Excluding consideration of the Board's disclosure, we must determine whether there was a reasonable basis in law for withholding the document. The Board argues, as it did in the District Court,1 that the document was covered by exemption 7(A), which exempts "investigatory records compiled for law enforcement purposes, but only to the extent that the production of such records would (A) interfere with enforcement proceedings." The Board contends that disclosure of the union's position statement, which was filed in the closed unfair labor practice proceeding brought by ACBL, would have interfered with its investigation in the open unfair labor practice proceeding brought by the union.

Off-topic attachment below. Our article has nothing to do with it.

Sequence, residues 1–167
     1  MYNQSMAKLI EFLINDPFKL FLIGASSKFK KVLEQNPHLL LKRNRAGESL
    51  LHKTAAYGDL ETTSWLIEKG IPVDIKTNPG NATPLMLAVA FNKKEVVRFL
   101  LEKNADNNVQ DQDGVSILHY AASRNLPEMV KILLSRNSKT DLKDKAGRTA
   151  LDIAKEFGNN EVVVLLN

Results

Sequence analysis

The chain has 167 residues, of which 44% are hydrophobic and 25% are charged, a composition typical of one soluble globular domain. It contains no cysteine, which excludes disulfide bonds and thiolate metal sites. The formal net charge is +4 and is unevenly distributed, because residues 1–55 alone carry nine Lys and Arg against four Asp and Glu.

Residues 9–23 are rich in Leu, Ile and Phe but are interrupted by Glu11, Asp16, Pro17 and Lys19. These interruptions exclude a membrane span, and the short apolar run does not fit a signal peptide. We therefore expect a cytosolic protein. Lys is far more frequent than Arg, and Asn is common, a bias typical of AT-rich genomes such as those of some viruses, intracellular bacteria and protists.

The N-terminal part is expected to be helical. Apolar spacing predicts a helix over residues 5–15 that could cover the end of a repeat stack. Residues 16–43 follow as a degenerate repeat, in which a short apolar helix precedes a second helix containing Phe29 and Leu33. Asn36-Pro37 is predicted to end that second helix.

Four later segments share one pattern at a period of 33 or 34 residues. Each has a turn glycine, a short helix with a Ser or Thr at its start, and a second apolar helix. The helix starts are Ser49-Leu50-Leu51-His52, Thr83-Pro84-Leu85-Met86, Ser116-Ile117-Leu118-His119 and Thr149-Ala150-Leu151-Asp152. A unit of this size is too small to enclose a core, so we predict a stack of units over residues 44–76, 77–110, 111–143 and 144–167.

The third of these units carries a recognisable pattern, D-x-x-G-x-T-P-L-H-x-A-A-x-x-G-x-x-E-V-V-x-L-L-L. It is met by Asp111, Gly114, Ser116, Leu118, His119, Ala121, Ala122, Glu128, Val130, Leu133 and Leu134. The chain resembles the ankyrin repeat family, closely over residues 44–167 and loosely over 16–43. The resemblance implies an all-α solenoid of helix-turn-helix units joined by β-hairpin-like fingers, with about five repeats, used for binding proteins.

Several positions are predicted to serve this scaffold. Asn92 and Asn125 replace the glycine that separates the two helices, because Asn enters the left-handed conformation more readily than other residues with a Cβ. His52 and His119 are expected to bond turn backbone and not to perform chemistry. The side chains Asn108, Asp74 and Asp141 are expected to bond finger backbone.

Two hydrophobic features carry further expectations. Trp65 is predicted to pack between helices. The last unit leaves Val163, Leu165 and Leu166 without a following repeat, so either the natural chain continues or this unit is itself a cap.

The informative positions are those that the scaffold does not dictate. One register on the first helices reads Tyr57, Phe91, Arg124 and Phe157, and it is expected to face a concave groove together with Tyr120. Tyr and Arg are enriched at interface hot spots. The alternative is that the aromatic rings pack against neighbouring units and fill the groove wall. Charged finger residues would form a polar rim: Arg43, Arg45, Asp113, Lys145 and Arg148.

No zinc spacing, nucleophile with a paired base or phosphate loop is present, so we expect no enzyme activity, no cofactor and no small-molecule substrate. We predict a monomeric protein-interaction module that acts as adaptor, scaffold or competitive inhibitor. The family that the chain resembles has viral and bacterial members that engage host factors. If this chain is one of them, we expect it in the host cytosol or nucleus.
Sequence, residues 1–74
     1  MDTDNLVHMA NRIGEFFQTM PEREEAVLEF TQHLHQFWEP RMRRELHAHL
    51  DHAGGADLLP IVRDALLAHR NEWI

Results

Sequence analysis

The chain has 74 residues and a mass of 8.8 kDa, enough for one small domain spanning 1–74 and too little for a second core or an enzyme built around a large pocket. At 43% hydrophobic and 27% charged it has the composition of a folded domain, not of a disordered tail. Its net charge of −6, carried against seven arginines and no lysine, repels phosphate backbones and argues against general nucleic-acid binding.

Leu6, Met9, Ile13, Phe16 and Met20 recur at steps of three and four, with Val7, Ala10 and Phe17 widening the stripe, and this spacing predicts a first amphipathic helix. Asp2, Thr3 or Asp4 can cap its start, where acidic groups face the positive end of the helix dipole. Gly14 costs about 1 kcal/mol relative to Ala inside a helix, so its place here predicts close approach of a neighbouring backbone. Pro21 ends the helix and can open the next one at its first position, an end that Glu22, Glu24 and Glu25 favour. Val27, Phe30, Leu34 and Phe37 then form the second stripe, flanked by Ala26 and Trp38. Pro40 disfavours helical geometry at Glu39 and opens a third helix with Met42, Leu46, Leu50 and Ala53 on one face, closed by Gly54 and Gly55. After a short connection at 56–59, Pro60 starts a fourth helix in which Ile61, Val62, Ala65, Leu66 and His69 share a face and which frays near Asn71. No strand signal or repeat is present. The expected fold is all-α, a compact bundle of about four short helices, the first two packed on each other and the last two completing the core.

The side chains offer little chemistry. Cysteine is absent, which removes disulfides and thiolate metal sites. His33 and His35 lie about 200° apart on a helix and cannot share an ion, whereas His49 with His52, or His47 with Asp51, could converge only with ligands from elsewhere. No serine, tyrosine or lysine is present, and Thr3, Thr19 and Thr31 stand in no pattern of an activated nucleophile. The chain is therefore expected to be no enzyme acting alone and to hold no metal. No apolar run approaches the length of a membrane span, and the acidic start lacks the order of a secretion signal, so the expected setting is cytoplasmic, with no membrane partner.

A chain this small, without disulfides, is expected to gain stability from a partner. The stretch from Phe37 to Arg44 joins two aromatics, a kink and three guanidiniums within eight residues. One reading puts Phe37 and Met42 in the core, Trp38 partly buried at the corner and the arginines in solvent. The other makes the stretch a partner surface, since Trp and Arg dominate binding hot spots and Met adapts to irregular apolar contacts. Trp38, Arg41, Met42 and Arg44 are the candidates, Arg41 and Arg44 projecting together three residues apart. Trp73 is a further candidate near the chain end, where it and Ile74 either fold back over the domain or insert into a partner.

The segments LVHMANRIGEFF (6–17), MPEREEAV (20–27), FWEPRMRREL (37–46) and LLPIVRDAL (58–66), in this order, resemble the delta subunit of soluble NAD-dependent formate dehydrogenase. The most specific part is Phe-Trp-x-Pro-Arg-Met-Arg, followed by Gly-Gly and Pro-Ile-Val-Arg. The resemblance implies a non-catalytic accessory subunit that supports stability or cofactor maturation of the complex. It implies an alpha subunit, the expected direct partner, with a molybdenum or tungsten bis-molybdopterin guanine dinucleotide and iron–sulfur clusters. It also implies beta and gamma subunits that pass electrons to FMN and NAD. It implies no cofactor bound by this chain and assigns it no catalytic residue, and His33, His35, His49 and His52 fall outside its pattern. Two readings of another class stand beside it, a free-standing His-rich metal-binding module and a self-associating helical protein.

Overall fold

The Supreme Court's decision in NLRB v. Robbins Tire & Rubber Co., 437 U.S. 214, 57 L. Ed. 2d 159, 98 S. Ct. 2311 (1978), is the starting point for evaluating the application of exemption 7(A) to this case. In Robbins Tire the subject of an unfair labor practice investigation sought production under the FOIA of statements collected during an NLRB investigation. The NLRB claimed that the statements were covered by exemption 7(A). In holding the statements exempt, the Court first reasoned that courts should be allowed to make general determinations "that, with respect to particular kinds of enforcement proceedings, disclosure of particular kinds of investigatory records would generally "interfere with enforcement proceedings.'" 437 U.S. at 236. The Court then held that disclosure of statements taken pursuant to an unfair labor practice investigation would generally involve two types of interference: the danger that potential witnesses would be coerced; and the greater access to the Board's case such discovery would afford litigants. Citing New England medical Center Hospital v. NLRB, 548 F.2d 377, 382 (1st Cir. 1976), which quoted Title Guarantee Co. v. N.L.R.B., 534 F.2d 484 (2d Cir.), cert. denied, 429 U.S. 834, 97 S. Ct. 98, 50 L. Ed. 2d 99 (1976), the Court found that "a suspected violator with advance access to the Board's case could '" construct defenses which would permit violations to go unremedied."'" 437 U.S. at 241.